US8515172B2 - Segmentation of image data - Google Patents

Segmentation of image data Download PDF

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US8515172B2
US8515172B2 US12/809,239 US80923908A US8515172B2 US 8515172 B2 US8515172 B2 US 8515172B2 US 80923908 A US80923908 A US 80923908A US 8515172 B2 US8515172 B2 US 8515172B2
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image data
segmented
criterion
segments
segmented view
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Christiaan Varekamp
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Koninklijke Philips NV
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    • GPHYSICS
    • G06COMPUTING; CALCULATING; COUNTING
    • G06TIMAGE DATA PROCESSING OR GENERATION, IN GENERAL
    • G06T7/00Image analysis
    • G06T7/10Segmentation; Edge detection
    • G06T7/11Region-based segmentation
    • GPHYSICS
    • G06COMPUTING; CALCULATING; COUNTING
    • G06TIMAGE DATA PROCESSING OR GENERATION, IN GENERAL
    • G06T7/00Image analysis
    • G06T7/10Segmentation; Edge detection
    • G06T7/136Segmentation; Edge detection involving thresholding
    • GPHYSICS
    • G06COMPUTING; CALCULATING; COUNTING
    • G06TIMAGE DATA PROCESSING OR GENERATION, IN GENERAL
    • G06T2207/00Indexing scheme for image analysis or image enhancement
    • G06T2207/10Image acquisition modality
    • G06T2207/10016Video; Image sequence
    • G06T2207/10021Stereoscopic video; Stereoscopic image sequence
    • GPHYSICS
    • G06COMPUTING; CALCULATING; COUNTING
    • G06TIMAGE DATA PROCESSING OR GENERATION, IN GENERAL
    • G06T2207/00Indexing scheme for image analysis or image enhancement
    • G06T2207/10Image acquisition modality
    • G06T2207/10068Endoscopic image
    • GPHYSICS
    • G06COMPUTING; CALCULATING; COUNTING
    • G06TIMAGE DATA PROCESSING OR GENERATION, IN GENERAL
    • G06T2207/00Indexing scheme for image analysis or image enhancement
    • G06T2207/20Special algorithmic details
    • G06T2207/20172Image enhancement details
    • G06T2207/20182Noise reduction or smoothing in the temporal domain; Spatio-temporal filtering
    • GPHYSICS
    • G06COMPUTING; CALCULATING; COUNTING
    • G06TIMAGE DATA PROCESSING OR GENERATION, IN GENERAL
    • G06T2207/00Indexing scheme for image analysis or image enhancement
    • G06T2207/20Special algorithmic details
    • G06T2207/20172Image enhancement details
    • G06T2207/20201Motion blur correction
    • GPHYSICS
    • G06COMPUTING; CALCULATING; COUNTING
    • G06TIMAGE DATA PROCESSING OR GENERATION, IN GENERAL
    • G06T2207/00Indexing scheme for image analysis or image enhancement
    • G06T2207/30Subject of image; Context of image processing
    • G06T2207/30232Surveillance

Abstract

A method of processing image data comprises receiving image data, segmenting the image data using a first criteria and a first threshold to create a first segmented view of the image data, segmenting the image data using the first criteria and a second threshold to create a second segmented view of the image data, displaying the first segmented view of the image data, receiving one or more selection user inputs selecting one or more segments of the image data, as displayed in the first segmented view, receiving a defined user input, displaying the second segmented view of the image data, and receiving one or more further selection user inputs selecting one or more segments of the image data, as displayed in the second segmented view. This method can be used in the creation of a depth map. In this case, the process further comprises receiving one or more depth user inputs, the or each depth user input relating to a respective selection user input, and creating a depth map for the image data accordingly.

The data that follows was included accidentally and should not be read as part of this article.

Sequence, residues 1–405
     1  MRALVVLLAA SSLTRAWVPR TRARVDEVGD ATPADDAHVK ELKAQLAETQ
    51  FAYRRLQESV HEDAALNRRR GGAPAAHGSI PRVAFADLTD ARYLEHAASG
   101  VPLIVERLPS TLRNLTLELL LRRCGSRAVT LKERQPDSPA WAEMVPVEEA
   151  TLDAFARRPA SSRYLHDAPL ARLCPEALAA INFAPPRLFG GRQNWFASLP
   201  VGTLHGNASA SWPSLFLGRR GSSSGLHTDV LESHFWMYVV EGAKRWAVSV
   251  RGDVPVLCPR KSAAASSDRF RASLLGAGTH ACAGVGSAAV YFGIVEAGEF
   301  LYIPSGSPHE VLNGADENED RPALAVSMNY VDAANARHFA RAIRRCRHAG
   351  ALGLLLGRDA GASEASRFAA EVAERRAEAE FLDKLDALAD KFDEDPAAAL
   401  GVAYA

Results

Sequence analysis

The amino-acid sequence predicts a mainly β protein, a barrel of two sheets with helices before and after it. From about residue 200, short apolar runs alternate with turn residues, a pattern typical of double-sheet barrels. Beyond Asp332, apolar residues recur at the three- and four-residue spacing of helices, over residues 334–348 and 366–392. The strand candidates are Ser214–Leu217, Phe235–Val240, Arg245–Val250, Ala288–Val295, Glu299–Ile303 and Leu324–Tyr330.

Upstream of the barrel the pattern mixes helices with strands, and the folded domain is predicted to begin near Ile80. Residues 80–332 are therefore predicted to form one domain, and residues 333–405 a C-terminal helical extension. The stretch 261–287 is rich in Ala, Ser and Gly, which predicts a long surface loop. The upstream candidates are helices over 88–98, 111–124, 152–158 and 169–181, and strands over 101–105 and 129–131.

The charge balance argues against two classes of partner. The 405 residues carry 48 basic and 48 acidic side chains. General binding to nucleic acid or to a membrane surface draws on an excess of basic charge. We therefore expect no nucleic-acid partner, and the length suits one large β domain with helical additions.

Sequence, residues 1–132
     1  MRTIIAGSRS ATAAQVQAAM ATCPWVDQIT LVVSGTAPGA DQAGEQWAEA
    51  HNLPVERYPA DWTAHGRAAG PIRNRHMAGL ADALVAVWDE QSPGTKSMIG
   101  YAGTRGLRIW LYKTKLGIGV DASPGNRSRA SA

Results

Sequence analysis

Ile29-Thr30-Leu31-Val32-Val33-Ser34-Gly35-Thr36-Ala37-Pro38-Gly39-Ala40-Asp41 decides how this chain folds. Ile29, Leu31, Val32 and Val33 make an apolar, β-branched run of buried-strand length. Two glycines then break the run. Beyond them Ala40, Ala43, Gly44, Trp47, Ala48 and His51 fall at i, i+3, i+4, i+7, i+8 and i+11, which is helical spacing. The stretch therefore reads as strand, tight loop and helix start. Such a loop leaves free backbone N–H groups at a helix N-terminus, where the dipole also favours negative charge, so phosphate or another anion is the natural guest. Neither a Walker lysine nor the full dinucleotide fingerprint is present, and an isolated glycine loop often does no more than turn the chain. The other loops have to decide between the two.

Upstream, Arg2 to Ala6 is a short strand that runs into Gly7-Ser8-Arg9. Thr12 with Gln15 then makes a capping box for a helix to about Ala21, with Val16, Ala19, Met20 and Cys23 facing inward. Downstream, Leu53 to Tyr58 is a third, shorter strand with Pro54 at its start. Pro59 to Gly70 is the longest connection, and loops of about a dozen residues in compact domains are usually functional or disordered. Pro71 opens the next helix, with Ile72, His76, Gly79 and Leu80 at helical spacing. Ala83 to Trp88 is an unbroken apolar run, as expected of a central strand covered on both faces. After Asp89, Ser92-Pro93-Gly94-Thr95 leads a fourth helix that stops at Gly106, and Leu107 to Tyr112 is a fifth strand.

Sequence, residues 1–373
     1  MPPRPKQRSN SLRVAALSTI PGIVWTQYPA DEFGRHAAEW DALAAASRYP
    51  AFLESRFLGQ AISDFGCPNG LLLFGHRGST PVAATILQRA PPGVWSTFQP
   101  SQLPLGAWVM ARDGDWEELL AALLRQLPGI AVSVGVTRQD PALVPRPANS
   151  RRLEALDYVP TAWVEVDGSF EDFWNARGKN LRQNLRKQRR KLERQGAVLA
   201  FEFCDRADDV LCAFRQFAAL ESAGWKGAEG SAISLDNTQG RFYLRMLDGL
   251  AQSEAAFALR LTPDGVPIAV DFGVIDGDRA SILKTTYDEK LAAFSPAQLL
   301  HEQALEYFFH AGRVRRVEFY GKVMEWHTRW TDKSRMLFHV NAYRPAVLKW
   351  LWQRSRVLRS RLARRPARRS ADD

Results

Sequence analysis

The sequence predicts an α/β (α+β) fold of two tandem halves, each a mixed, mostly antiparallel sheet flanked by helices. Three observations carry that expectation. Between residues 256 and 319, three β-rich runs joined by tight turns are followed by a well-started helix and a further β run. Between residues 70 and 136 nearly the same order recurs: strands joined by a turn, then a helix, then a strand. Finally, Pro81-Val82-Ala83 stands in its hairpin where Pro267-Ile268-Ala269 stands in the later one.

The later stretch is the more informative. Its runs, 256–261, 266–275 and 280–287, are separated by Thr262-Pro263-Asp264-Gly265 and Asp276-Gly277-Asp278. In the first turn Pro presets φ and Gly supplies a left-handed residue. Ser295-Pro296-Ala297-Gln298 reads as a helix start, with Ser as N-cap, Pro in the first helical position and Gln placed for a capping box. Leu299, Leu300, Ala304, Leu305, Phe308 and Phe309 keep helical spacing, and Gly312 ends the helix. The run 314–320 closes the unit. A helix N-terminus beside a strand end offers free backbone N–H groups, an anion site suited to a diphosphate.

Description

FIELD OF THE INVENTION

This invention relates to a method, system and computer program product for processing image data.

BACKGROUND OF THE INVENTION

The provision of three-dimensional viewing devices such as 3D televisions is on the rise. Such devices tend to generally fall into one of two categories. The first category is that of stereoscopic devices, which allow the user to perceive a three-dimensional image by wearing special glasses. The glasses that the user wears ensure that each eye sees a different image, which are slightly different views of the same scene with the viewpoint spaced apart by a short distance, mimicking the distance that the user's eyes are spaced apart. The user's brain processes these two images to create a three-dimensional image. The second category of display devices comprises auto-stereoscopic display devices, which produce a three-dimensional effect, without the user having to wear any special glasses. These devices work by projecting multiple views from the display, which again ensures that each eye of the user sees a different image. One way that this can be achieved is for a lenticular optical array to be overlaid on a conventional display device, to produce the multiple views of the image.

The availability of content for use by auto-stereoscopic display devices is important for the market acceptance thereof. In order for an auto-stereoscopic display device to produce a satisfactory video output, a depth map needs to be available for each frame in the video. The depth map and the original frame are used to generate the multiple views required by an auto-stereoscopic display. As video sequences comprise many frames per second, e.g. the PAL scheme has a frame rate of 25 frames per second, production of the required depth maps for image sequences is not a trivial task.